Tuesday’s procession was also quite unique to Salamanca because the procession is of the Hermandad Universitaria del Santísimo Cristo de la Luz y Nuestra Señora, Madre de la Sabiduría, i.e. the University of Salamanca’s procession – yes, the university has it’s own procession! Pretty cool. We have crazy societies at uni in the UK, but in Spain you can do this (albeit if you’re Catholic…). We read that the main highlight of the Procession would be found in the Patio de Escuelas (outside the main original university building) where there is a choral recital and a Promesa de Silencio (Promise of Silence). We were advised to arrive half an hour prior to the arrival of the procession, we arrived 45 minutes early, and we were met to a large crowd, controlled by barriers. We did manage to get a good spot though luckily. Everyone else seemed to have the same idea as us!
On the Thursday afternoon, James and I went into the Convento de San Esteban, a final touristic activity for his final day in Salamanca. I had already visited the Convento de las Dueñas opposite, but who knew there could be more than one convent?! Well, this is Salamanca…
For 2€ entry/students, it’s a great offer, and this convent is much bigger than the other with quite a few rooms to discover, although we only stayed 40 minutes as it was a stop-off on our way back from shopping on Calle Toro! Entry also allows you inside the church, where we were able to see the floats for the following day’s procession.
There was a man on duty who seemed to be there to answer questions for people like us, so James insisted that I speak to the man in Spanish to find out some more (woo, Spanish practice). I asked about how many people it takes to carry (35 people), how old the floats were (one was only 3 years old!) and when they would be leaving. It turned out, these floats were for the Procession of the Hermandad Dominicana, which was on Good Friday (the following day). However, it was to leave at 5am. I thought I had heard incorrectly, but the Spanish was right, 5am. 5AM!?!?! And the man was very insistent that we should attend to see the procession. I guess it isn’t the most popular procession to watch with it being 5am and all that so they need all the tourists they can get. I would have loved to have seen it but I love sleep too much to get up that early in the morning (sorry). Luckily we got a glimpse at the floats beforehand, so we didn’t miss out on that!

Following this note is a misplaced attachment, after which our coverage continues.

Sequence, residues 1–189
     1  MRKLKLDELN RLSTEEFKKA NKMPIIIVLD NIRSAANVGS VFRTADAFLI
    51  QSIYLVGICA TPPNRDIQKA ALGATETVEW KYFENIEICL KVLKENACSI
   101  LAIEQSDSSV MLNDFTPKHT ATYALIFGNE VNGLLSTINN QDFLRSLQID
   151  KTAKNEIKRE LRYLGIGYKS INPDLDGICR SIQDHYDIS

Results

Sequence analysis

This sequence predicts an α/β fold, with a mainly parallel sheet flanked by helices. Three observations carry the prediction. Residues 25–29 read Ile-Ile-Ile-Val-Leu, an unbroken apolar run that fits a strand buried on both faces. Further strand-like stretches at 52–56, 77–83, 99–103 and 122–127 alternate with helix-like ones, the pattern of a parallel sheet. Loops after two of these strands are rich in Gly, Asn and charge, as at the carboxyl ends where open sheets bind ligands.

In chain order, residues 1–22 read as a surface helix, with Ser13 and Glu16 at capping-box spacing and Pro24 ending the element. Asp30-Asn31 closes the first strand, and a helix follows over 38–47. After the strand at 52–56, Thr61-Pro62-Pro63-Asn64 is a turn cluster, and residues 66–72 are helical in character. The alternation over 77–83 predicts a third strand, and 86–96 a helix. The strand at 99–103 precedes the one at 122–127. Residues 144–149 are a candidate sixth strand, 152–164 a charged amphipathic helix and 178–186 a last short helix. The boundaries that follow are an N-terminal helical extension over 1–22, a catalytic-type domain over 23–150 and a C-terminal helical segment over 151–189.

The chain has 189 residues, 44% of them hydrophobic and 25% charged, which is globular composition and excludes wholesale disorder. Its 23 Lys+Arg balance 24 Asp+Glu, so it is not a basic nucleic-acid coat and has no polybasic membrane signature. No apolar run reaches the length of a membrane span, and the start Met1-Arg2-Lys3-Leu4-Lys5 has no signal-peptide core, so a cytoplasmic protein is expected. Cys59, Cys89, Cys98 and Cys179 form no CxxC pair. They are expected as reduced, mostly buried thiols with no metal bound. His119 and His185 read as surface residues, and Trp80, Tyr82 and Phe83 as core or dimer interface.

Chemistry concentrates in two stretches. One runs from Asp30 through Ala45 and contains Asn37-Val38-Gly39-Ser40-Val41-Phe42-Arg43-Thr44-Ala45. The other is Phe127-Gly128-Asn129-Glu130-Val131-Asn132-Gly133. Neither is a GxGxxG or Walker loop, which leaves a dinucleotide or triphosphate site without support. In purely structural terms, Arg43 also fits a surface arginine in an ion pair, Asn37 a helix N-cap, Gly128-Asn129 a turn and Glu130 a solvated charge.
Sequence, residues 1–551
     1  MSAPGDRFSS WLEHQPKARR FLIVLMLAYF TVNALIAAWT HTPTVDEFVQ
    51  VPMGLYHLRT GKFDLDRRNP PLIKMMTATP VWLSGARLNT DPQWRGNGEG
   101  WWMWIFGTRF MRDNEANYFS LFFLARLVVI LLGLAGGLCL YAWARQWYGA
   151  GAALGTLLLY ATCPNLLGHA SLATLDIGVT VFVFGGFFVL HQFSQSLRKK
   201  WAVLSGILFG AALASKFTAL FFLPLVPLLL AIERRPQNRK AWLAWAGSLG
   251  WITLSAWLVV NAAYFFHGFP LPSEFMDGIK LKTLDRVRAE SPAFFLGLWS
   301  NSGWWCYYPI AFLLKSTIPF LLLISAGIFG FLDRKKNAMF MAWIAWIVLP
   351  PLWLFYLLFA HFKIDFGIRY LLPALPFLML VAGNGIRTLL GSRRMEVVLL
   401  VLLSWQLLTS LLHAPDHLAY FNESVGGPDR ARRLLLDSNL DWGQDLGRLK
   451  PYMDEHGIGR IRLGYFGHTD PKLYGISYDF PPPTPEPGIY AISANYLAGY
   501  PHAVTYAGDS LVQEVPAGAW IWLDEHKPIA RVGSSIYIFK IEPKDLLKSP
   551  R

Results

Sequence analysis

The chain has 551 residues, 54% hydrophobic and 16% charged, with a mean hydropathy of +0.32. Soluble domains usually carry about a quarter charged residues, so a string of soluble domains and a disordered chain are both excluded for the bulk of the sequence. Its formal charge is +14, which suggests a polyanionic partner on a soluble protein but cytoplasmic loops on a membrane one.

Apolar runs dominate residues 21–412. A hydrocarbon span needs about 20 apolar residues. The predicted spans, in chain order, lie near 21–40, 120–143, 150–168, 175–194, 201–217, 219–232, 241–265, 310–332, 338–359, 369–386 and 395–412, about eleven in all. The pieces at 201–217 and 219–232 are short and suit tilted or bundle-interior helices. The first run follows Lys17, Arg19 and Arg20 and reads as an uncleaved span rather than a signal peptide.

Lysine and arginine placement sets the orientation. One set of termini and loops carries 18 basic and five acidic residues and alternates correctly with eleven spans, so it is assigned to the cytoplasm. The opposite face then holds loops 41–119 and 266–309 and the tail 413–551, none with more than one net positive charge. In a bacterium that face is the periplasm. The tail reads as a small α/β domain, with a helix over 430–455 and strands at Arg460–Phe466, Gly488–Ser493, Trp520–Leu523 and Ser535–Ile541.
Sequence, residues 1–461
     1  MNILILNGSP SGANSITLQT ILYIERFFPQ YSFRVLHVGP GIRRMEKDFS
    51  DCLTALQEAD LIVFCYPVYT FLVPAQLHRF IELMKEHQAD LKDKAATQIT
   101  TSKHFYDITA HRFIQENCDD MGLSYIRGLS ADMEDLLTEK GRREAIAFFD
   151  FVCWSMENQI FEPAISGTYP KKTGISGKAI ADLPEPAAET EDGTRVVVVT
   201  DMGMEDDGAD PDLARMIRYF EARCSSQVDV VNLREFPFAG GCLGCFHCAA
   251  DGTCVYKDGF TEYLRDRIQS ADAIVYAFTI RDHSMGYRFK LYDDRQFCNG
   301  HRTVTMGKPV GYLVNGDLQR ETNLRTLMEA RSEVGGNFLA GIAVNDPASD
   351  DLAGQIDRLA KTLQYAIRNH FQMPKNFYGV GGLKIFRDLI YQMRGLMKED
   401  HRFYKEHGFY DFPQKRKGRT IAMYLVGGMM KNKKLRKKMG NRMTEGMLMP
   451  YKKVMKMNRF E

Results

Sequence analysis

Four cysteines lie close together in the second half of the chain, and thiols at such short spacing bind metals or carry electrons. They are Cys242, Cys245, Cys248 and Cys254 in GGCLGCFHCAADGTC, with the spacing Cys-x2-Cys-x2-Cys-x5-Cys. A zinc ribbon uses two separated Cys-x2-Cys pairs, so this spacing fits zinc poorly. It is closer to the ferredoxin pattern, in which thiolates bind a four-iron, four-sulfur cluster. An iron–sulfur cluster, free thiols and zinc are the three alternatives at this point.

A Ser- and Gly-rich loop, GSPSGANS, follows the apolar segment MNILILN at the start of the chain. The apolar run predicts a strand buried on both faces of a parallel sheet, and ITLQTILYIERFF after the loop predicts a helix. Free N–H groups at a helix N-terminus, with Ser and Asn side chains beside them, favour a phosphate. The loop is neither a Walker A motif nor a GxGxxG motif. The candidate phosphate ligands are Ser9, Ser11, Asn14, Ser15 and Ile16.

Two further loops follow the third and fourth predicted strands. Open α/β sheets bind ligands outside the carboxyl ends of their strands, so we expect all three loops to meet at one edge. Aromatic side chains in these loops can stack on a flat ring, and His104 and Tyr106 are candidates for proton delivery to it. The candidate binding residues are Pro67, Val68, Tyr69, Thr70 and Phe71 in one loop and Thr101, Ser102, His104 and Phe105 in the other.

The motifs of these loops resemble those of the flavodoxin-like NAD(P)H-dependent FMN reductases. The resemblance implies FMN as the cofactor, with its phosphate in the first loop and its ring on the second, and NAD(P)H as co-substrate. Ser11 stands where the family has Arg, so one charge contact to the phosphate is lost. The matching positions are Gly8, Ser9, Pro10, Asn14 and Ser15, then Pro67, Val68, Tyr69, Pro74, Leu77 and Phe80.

Although we didn’t see ALL the processions during Semana Santa (although I think that’s a rather impossible challenge!), I’m glad to have seen the ones I saw, and don’t regret staying for the week, even though it resulted in me having a very short two full days at home. It is an aspect of Spanish culture that’s so interesting, as it is so different from how we experience Easter in the UK. Easter is much more commercialised in the UK, and more concerned with how many chocolate eggs you can eat in one day, albeit there is religion that many still adhere to,. However in Spain, there are a very few chocolate eggs knocking about as they are not the focus of the holiday. The focus is purely religious and about tradition. If you have the opportunity to be in Spain during Semana Santa, it is definitely worth looking to see if there are any processions nearby in the area you are staying in, and seeing an important part of Hispanic culture in the works.
Did anyone else see processions elsewhere during Semana Santa?
If you haven’t experienced Semana Santa yet, does it interest you enough to come to Spain for them in the future, or is it not up your street? Let me know!